• Manchester Museum’s collection includes objects that found their way up to Lancashire through the funding of Sir Flinders Petrie’s expeditions by industrialist Jesse Haworth
• Norwich Castle has an Egyptian gallery stocked with artefacts donated by local mustard magnate Jeremiah Colman and author Henry Rider Haggard.
• The Ashmolean Museum in Oxford has about 50,000 objects from Egypt and Sudan.
• Rochdale’s Touchstones has a Heritage Gallery with plenty of Egyptian interest, much of it supplied indirectly by Sir Flinders Petrie, a pioneer of archaeology and Egyptology.
• Swansea’s Egypt Centre celebrates its 20th anniversary this year.
• The Museum of Wigan Life has an Egyptian section in which pride of place goes to a mask 3,500 years old.
All this information and more is in Towns of Two Halves. Order your copy from email@example.com
A lovely review in the author’s local magazine:
David Guest has just released his second book, Towns of Two Halves. Described as ‘a tourist’s guide to football towns’ it is just that, plus much more.
The premise of the book is that David, over a period of many years, has visited all 92 football stadiums in England [including three in Wales] and, while doing so, has learned more about each town. So while he does tell us much about each town – who knew that Brentford had a water museum, for example? – he also intersperses it with his own personal story at the time, as well as the fate of his beloved Oldham Athletic, the team he’s spent most of his life (blindly) following.
The result is a charming, funny and heartwarming story about football (a bit), but mostly about England, its people and all its quirks and foibles. It’s perfect for football fans, non-football fans, readers and non-readers – and you can devour it in one sitting or dip in and out as you please.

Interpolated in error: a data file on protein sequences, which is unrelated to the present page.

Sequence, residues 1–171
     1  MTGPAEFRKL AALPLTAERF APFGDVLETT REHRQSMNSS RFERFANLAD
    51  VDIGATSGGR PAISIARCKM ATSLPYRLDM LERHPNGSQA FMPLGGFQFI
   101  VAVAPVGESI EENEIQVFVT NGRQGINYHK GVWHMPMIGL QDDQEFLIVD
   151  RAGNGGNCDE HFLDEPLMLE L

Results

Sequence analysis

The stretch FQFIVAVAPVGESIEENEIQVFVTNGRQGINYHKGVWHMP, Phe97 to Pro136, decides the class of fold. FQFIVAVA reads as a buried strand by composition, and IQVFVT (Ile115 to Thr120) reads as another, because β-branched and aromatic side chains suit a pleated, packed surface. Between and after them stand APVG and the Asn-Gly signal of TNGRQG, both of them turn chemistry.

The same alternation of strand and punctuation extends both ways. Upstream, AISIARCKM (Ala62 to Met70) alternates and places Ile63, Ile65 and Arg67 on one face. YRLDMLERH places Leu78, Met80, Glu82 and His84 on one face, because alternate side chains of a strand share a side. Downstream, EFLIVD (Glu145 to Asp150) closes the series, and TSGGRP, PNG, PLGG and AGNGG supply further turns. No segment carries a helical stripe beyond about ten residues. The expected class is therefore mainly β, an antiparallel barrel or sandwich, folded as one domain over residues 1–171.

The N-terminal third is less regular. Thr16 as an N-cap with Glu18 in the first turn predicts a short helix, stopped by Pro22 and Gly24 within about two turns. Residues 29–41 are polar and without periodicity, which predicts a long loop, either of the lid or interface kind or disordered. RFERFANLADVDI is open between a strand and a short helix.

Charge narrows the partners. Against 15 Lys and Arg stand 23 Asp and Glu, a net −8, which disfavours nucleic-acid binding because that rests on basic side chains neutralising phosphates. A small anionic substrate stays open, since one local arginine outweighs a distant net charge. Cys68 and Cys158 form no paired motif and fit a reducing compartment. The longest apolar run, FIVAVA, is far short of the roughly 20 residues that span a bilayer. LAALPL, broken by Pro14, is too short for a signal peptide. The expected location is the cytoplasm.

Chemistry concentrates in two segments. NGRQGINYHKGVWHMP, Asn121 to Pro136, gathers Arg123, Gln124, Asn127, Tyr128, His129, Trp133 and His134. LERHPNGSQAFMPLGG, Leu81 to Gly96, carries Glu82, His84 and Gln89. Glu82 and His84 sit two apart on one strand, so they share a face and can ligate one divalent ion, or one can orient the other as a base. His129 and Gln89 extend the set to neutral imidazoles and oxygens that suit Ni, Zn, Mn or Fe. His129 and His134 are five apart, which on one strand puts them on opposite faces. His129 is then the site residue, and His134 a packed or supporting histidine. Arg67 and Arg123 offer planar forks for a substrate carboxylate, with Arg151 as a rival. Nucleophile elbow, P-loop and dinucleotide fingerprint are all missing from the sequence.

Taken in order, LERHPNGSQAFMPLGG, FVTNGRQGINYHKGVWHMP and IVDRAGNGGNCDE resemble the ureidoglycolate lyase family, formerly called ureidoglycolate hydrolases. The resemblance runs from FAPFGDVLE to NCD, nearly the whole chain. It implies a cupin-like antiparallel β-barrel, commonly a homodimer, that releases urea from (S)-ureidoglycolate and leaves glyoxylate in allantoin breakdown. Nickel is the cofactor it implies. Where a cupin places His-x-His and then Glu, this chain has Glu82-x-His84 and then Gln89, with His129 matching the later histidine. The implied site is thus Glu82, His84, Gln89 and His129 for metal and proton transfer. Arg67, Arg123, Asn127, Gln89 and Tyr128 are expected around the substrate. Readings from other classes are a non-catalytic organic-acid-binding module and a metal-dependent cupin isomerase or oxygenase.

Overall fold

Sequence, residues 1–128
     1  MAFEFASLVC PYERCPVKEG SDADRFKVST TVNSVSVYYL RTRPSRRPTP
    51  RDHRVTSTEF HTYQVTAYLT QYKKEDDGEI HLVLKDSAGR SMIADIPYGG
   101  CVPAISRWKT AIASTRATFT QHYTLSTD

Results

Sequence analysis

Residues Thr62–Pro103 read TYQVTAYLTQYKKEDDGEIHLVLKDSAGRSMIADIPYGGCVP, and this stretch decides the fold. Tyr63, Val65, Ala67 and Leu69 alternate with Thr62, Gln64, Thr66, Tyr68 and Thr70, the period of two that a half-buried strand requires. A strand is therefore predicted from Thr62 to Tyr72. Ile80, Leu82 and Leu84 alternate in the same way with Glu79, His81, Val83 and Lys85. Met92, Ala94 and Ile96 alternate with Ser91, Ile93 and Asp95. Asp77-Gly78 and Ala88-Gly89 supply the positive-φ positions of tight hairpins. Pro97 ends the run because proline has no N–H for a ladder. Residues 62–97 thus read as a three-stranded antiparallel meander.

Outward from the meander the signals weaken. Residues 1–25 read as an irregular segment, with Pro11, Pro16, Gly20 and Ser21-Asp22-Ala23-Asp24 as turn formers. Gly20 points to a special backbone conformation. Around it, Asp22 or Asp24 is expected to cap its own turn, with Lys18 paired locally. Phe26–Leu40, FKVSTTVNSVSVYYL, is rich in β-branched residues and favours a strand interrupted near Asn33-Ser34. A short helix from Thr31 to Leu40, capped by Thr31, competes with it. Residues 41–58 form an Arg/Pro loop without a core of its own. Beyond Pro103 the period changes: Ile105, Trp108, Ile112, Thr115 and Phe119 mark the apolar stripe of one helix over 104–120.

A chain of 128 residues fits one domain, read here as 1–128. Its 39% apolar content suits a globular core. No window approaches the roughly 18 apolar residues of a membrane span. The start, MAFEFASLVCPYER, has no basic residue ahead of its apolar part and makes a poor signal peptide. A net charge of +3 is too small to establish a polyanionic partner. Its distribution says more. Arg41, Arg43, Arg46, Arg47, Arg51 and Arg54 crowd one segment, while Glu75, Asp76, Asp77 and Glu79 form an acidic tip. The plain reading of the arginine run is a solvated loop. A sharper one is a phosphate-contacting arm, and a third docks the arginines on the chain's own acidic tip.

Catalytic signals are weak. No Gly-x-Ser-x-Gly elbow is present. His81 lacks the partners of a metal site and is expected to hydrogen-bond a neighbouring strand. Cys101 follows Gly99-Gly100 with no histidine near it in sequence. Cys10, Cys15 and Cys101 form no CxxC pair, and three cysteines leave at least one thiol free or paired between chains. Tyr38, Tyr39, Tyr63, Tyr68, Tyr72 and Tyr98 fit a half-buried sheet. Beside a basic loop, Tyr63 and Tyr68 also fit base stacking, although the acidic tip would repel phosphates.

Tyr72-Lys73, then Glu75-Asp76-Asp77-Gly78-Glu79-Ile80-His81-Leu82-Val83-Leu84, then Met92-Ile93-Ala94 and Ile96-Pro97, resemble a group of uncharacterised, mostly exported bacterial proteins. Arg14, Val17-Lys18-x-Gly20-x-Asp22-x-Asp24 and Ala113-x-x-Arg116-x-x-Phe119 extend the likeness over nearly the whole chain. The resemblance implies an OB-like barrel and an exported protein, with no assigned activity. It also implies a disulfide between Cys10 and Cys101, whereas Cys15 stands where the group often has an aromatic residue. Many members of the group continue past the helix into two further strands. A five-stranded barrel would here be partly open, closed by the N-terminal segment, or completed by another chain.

I urge you to give it a go – you won’t be disappointed!
Towards the end of the 2017/18 season, I planned to have Towns of Two Halves ready for the start of the following season. That timetable presented one significant difficulty: the precise composition of League 2. Although Macclesfield Town looked a good bet to be promoted as champions from the National League, any one of half a dozen other clubs might emerge from the play-offs to join them in League 2. By the time the identity of that successful club was known, the season would be over and there would be no home game for me to attend.
I looked at the National League table and considered journeys to Sutton, Aldershot, Dover and several others. It began to look like a lot of trouble just to preserve the integrity of the project. On the other hand, integrity is not a negligible quality. I made a start. Macclesfield had a home game against Barrow, and on the following day Wrexham played at home to Chester.
In the event luck was with me. Macclesfield duly won the league and Tranmere Rovers drew the winning ticket in the awful post-season lottery – Tranmere was the only ground I’d been to of the six teams involved in the play-offs. The book was duly printed with 92 authentic entries.
Where Wrexham was concerned my luck was out – as was theirs. Wrexham didn’t even reach the play-offs. I’d also overlooked the possibility that the Wrexham v Chester local derby might require special security measures, among them a ban on ticket sales on the day. At other grounds I’d found ways round that sort of obstacle. For Wrexham against Chester I couldn’t be bothered. I had a look round the town and then went to pay a surprise second visit to the old friend whose hospitality I had enjoyed the previous night.